Defective Signaling Pathways: The Big Picture in Cancer


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This is how researchers sequence cancer genomes. Image by Jinghui Zhang, et all.

Workflow For Whole Cancer Genome Sequencing

Dr. Ideker in his interview with Decoded Science explained it thus: “When you look at patients’ data at the level of genes, everybody looks different. But groupings start to appear, when you look at impacted biological networks. In other words, no genes are mutated in exactly the same place, but the mutations do appear in the same genetic pathways.”

Specifically, the authors utilized a method, network-based stratification (NBS) to form subtypes of patients suffering from lung, uterine and ovarian cancers.

As an example, in ovarian cancer, patients classified as subtype 1 exhibited mutated genes belonging to the FGF (fibroblast growth factor) signaling pathway. This served as a nice validation of the stratification system, since members of FGF family have been previously shown to be involved in poor survival and clinical development of ovarian cancer. A second subtype of patients had mutations in genes involved in DNA-damage response.

Similar analyses in uterine and lung cancers yielded subtypes of patients with unique and characteristic biological networks. The grouping together of somatic mutation profiles into patient subtypes were also seen to show good association with clinical outcomes like patient survival times and resistance to drug treatments.

Secrets to Understanding Cancer: Biological Pathways

So far, scientists have focused largely on the commonly mutated genes, and that is in large part, due to the limited sensitivity of technologies. With the advent of whole genome sequencing, the ease at which individual cancer genomes are completely sequenced is very apparent. With the cartload of information available, it is easy to just focus on one or a few genes, but Dr. Ideker’s study suggests that stepping back and looking at the larger picture will help.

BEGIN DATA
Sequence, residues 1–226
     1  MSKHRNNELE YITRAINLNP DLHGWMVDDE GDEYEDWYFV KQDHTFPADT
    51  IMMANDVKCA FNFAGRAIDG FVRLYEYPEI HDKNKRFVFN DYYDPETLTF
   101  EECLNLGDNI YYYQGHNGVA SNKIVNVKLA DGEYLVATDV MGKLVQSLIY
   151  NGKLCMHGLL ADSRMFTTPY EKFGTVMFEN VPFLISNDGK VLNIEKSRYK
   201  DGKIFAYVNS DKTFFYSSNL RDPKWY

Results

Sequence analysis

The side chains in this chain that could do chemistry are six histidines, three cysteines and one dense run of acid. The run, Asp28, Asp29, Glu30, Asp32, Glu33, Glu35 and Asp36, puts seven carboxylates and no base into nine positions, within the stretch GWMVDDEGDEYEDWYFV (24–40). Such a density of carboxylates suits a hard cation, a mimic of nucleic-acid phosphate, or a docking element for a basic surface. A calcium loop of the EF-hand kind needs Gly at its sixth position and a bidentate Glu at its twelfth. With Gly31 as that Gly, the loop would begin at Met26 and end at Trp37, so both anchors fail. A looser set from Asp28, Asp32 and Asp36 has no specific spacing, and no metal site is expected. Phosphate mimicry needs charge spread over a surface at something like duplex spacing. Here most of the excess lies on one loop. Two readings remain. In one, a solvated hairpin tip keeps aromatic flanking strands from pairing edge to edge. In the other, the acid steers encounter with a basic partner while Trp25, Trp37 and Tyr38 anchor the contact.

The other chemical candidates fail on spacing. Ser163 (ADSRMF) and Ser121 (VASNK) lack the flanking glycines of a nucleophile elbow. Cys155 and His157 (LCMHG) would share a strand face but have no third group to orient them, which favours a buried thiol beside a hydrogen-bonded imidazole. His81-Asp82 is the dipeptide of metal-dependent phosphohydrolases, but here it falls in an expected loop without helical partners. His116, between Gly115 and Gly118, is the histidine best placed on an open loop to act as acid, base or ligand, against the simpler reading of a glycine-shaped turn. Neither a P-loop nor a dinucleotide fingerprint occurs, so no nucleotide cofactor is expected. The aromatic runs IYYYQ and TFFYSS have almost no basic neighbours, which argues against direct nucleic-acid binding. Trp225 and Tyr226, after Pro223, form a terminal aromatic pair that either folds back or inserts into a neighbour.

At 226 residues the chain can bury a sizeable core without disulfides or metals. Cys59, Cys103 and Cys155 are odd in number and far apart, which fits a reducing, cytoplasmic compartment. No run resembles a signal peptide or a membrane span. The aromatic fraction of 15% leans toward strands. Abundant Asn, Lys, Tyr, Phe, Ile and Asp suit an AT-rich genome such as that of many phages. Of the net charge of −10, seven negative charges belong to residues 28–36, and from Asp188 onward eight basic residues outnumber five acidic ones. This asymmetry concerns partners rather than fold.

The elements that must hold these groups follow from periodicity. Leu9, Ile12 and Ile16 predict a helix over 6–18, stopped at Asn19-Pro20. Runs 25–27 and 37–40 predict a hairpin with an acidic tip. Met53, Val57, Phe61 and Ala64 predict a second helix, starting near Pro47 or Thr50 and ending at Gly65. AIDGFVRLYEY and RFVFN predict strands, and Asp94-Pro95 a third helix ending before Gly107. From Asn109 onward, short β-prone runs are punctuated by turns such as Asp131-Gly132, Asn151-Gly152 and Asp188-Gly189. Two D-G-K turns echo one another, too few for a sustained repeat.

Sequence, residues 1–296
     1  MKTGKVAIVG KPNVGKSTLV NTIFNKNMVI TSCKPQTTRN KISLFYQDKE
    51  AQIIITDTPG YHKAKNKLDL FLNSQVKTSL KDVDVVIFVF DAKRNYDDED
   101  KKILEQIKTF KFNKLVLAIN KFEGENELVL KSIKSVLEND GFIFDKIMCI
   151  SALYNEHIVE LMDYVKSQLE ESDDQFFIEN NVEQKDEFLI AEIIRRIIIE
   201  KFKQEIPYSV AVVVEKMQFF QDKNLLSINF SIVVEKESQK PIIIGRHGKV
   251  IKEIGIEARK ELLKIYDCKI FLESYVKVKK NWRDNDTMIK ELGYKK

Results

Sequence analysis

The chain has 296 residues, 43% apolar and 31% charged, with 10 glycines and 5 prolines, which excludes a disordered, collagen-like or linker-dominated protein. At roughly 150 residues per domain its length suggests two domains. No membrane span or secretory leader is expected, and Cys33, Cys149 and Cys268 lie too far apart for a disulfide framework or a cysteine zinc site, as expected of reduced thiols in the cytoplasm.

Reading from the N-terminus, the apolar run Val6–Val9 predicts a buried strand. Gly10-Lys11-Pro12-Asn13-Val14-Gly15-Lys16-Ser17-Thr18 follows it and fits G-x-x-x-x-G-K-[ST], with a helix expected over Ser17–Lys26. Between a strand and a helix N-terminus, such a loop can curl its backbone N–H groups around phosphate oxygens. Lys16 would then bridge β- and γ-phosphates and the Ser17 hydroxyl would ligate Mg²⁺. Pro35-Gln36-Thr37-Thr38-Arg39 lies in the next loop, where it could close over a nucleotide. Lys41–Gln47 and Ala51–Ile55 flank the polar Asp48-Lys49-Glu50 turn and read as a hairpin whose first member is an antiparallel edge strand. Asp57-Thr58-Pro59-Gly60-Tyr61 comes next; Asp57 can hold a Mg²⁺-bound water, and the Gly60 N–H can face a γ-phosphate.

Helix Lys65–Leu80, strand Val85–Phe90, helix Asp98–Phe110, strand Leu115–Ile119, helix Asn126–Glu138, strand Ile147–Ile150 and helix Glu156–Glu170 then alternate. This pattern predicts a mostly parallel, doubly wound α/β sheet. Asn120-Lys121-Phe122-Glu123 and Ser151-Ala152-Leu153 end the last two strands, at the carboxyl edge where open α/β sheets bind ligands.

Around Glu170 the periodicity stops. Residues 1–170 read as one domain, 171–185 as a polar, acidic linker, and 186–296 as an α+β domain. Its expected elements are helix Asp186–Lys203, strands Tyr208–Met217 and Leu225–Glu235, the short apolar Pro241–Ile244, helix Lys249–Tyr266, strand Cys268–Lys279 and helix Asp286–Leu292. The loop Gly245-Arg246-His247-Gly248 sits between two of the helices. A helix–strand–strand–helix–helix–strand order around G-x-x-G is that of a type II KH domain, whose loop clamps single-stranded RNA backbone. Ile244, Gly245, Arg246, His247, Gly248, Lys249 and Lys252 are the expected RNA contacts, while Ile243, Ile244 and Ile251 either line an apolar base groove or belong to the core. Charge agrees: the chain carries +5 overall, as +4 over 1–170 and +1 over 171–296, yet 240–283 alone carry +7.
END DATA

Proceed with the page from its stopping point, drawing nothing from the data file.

The approach of finding treatments in cancer based on one particular gene mutation, instead of pathways, is likened to just concentrating on fixing one traffic light. Instead, one needs to step back, look at all the defective traffic lights on the whole street, and possibly find a common thread to fix all the traffic lights at one time.

Targeting Signaling Pathways, Rather Than Individual Genes: Key to Treating Cancer?

The methodology of subtyping patients, as used in this study is much appreciated, because it’s a well established fact that cancer is driven by combination of genes working concertedly in a molecular network.

An explosion of research has led to an understanding of cancer at multiple levels: the DNA (gene mutations and copy number), RNA (microRNA, mRNA expression) and epigenetic (DNA methylation).  Albeit a complex proposition, the time is ripe to layer on these additional misregulated levels of gene expression to the stratification system and tailor treatment accordingly.

A very interesting futuristic analyses proposed by the authors, is to perform a pan-cancer analyses, where one would be able to stratify all different cancers on this network of pathways, and learn more about the development and commonality of all cancers.


Hofree M, Shen JP, Carter H, Gross A and Ideker T. Network-based stratification of tumor mutations. (2013). Nature Methods. Accessed September 26, 2013.

Wood et al. The genomic landscapes of human breast and colorectal cancers. (2007). Science. Accessed September 26, 2013.

Salzman DW & Weidhaas JB. miRNAs in the spotlight: making ‘silent’ mutations speak up.  (2011). Nat. Med. Accessed September 26, 2013.

Vogelstein, B., Papadopoulos, N., et al. Cancer Genome Landscapes. (2003). Science. Accessed September 27, 2013.

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